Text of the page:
If You Can’t Beat ’Em…Help ’Em?
Instead of running your business from a place of fear (“Who’s about to turn on me and run off with all of my students?”), consider these alternatives to protect your business.
Some legal remedies do work. Nonsolicitation clauses restrict your employees from soliciting other employees or customers of your business after they leave your studio. This type of clause, generally viewed as a legitimate effort by a business to protect its goodwill, is often upheld by the same courts that strike down noncompetes. Nondisclosure agreements prevent your recent employee from disclosing proprietary information about your studio, such as client lists, outstanding contracts and the business’ history.
Or follow the example of owners like Sue Sampson-Dalena, who focus on good management and being the boss people want to work for. Sampson-Dalena, who owns The Dance Studio of Fresno in California (one of several states that routinely refuses to uphold noncompetes), has never had a staff member sign any sort of contract in more than 32 years of business. Instead, she’s careful about whom she hires. “I hire many of the girls who have grown up in the studio and share my philosophy,” she says. The satisfaction goes both ways. “They’re exactly the style of teacher I need them to be, and they’re really committed to me,” she says.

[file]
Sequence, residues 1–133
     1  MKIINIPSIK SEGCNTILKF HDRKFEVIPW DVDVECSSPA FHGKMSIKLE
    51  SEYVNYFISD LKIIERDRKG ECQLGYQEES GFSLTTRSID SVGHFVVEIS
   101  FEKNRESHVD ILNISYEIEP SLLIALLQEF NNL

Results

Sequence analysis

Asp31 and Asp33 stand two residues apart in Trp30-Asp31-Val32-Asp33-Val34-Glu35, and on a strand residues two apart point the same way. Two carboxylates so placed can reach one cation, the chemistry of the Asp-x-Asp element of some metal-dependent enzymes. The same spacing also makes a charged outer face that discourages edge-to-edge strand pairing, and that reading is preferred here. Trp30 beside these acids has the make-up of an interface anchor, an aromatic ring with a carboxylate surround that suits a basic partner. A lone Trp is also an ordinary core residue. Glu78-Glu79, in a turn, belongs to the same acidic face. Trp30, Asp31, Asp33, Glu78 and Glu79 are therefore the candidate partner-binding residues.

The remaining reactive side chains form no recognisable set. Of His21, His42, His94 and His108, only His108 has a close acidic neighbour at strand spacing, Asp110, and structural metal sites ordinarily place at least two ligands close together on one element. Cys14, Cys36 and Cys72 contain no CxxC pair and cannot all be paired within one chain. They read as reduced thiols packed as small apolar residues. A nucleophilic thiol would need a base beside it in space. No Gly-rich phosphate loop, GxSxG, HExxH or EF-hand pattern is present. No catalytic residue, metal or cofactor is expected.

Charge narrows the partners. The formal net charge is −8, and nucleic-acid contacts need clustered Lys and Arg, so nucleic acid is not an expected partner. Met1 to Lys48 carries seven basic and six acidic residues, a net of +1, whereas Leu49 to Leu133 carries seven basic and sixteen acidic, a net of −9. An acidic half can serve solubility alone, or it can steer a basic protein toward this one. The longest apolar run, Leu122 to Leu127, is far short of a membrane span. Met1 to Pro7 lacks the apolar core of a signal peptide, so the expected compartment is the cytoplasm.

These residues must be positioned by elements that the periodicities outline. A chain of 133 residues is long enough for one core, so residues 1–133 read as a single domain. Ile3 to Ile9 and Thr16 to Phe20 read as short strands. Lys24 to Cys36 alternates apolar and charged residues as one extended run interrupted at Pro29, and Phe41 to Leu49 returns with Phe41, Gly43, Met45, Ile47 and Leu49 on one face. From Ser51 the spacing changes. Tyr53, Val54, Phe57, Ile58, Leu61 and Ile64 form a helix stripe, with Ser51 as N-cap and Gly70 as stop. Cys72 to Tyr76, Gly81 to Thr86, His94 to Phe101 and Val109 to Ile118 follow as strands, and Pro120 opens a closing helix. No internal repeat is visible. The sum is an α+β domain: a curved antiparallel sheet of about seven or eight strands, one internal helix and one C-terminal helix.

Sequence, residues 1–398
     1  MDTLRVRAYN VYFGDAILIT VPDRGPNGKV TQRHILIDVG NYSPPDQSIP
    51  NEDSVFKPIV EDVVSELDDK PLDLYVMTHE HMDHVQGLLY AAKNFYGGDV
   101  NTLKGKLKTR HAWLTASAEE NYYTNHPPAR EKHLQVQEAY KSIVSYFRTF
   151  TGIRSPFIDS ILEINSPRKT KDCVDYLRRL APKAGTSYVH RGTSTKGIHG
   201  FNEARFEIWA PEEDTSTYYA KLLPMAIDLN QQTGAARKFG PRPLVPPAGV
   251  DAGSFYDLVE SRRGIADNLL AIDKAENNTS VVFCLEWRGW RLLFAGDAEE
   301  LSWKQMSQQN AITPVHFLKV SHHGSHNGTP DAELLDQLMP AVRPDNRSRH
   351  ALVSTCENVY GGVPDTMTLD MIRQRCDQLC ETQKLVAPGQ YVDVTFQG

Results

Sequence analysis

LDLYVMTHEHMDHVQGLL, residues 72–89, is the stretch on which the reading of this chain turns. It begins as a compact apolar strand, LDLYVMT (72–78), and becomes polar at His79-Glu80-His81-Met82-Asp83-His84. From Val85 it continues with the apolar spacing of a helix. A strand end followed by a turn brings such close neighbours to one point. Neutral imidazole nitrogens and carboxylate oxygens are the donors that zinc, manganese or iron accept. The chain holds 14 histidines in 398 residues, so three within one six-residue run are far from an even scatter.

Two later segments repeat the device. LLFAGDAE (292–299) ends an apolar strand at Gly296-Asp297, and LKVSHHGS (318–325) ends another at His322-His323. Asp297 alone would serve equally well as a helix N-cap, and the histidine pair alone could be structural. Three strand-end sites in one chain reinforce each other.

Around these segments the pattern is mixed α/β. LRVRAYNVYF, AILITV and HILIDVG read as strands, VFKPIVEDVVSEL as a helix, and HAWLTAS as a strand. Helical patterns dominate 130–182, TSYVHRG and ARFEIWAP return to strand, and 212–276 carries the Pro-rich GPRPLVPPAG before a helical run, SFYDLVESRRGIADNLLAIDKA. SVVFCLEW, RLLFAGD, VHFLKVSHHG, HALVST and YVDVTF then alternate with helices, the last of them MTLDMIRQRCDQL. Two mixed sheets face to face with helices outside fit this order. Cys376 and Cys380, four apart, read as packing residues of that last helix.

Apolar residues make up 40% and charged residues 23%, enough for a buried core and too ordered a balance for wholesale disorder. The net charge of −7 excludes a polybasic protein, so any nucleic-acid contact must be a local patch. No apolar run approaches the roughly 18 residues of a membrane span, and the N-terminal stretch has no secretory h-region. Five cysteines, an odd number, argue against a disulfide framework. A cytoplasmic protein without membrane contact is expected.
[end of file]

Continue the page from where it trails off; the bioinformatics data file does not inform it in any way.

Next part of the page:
What’s more, Sampson-Dalena views her talented young teachers not as a threat but as an opportunity to expand her own teaching style and grow her business through creative partnerships. She will actually groom certain students-turned-instructors to begin studios of their own eventually (at a good distance from her main studio, of course, “so it won’t draw too many people away from me”). “When I see someone who’s really ambitious, who has the type of personality that would be good for a studio owner,” she says, “I talk to them about partnering and growing a location that’s far away from the main studio.”